data from the user should never be trusted and should be validated and filtered to the furthest degree. this means escaping everything before putting it into your database. this can be done using functions like mysql_real_escape_string() for mysql, or prepared statements with PDO. see sql injection attacks.
a tricky one is making sure that a request is coming from the intended logged in user. for instance, if you are logged into your banks website, and i send you an email with an image tag in it
make sure your sessions are stored in a safe location. validate sessions with at the very least the browser that sent the request, meaning store the browser that sent the log in request, and check it each time the user submits another request to verify that it is the same browser. some also incorporate parts of the ip address into this session validation.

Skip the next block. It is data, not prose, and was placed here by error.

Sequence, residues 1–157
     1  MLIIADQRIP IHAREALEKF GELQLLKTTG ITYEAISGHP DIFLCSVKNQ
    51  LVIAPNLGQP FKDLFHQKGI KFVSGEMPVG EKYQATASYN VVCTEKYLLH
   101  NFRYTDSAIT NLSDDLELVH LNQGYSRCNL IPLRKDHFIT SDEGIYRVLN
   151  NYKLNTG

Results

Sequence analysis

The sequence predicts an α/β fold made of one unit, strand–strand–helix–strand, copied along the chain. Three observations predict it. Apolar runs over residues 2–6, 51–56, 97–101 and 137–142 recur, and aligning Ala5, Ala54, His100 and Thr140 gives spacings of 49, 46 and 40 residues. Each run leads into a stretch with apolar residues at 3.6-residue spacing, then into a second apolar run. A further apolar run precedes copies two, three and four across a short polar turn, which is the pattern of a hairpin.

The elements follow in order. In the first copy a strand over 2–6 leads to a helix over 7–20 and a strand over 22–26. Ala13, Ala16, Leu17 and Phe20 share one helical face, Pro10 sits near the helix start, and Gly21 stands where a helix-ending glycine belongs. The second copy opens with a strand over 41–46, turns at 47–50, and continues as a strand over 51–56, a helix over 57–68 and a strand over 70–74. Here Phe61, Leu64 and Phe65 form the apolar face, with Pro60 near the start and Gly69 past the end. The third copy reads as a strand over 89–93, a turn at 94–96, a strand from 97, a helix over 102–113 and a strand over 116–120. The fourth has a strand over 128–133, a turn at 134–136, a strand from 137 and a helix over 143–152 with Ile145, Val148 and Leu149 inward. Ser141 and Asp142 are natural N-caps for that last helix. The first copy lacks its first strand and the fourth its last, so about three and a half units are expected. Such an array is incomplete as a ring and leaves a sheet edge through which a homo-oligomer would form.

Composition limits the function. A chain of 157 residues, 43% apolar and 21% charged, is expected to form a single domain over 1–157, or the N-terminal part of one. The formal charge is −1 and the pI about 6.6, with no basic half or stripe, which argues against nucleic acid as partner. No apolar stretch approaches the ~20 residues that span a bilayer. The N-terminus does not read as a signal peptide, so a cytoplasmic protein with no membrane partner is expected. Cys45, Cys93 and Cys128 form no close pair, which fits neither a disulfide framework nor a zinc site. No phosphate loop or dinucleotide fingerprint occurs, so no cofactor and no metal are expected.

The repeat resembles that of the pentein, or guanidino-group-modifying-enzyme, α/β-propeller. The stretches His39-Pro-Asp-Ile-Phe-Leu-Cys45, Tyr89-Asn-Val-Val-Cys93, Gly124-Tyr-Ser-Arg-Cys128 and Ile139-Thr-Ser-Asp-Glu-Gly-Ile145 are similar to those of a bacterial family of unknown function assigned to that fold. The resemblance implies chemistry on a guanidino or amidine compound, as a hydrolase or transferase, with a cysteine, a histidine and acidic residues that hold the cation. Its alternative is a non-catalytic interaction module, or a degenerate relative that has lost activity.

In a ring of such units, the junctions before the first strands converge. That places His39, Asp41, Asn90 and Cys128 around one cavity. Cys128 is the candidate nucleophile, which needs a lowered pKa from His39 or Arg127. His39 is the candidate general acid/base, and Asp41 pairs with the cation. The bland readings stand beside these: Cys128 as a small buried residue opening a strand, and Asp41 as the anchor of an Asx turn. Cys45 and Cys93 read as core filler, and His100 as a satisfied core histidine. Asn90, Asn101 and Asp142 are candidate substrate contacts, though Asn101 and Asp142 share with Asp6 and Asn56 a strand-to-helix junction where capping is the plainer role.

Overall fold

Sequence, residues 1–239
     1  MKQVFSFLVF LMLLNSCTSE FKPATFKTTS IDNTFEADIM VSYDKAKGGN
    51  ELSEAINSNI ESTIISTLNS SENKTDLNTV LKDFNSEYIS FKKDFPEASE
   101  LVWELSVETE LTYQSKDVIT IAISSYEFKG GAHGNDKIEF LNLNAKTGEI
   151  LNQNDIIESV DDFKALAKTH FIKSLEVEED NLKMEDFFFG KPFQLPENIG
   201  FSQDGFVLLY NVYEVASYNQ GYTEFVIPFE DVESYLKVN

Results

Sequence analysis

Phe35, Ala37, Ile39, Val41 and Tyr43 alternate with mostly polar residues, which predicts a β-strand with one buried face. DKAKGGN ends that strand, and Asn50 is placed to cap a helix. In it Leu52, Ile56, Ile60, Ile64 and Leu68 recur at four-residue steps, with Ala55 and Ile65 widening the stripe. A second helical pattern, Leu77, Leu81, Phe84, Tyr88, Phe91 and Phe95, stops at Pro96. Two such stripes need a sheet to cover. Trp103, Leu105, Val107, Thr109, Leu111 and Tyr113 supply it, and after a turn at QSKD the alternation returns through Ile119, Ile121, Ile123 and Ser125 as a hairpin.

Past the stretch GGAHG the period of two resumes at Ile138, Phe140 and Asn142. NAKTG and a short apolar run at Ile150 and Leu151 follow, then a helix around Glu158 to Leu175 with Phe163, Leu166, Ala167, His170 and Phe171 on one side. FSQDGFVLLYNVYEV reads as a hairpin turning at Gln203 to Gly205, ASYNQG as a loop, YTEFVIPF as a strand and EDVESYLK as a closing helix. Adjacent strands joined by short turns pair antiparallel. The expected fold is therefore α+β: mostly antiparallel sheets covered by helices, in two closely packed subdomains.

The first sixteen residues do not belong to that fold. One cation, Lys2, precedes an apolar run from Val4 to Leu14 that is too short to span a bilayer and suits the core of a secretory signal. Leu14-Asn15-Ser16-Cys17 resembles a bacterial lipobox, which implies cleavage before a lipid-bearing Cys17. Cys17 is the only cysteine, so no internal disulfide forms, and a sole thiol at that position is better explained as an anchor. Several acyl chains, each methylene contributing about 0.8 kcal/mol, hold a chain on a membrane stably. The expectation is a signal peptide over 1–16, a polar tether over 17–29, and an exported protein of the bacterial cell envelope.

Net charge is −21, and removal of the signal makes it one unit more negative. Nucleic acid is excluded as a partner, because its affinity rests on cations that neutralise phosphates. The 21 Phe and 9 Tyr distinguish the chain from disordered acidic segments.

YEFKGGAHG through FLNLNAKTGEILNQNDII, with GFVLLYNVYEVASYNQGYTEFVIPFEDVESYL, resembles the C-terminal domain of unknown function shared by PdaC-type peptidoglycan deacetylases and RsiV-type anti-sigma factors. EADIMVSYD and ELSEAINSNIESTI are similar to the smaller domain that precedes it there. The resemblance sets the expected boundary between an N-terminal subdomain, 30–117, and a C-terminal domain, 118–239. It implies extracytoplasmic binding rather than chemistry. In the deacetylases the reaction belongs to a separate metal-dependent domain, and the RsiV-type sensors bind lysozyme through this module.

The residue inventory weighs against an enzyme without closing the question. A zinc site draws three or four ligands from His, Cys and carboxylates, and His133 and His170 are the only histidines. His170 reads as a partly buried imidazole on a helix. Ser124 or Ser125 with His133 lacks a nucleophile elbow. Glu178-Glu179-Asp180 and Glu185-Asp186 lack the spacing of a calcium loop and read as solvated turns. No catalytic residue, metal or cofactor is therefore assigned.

scrub all file uploads. if someone were to upload a file named some.jpg.php which is a valid jpg, but has PHP code instide of the jpgs meta notes. the uploader could feasably take over your server. be sure at the very least to use your own file extensions for uploaded files. some would even suggest store all uploaded files in a private location, and then setting up a file server script to serve those files using PHP. some would even suggest scanning uploaded files for viruses. checking the MIME type is of no protection.
make sure that your PHP and server settings are set up with best practices in mind.
i'm sure there is more as you can never be too careful, but this is a good start.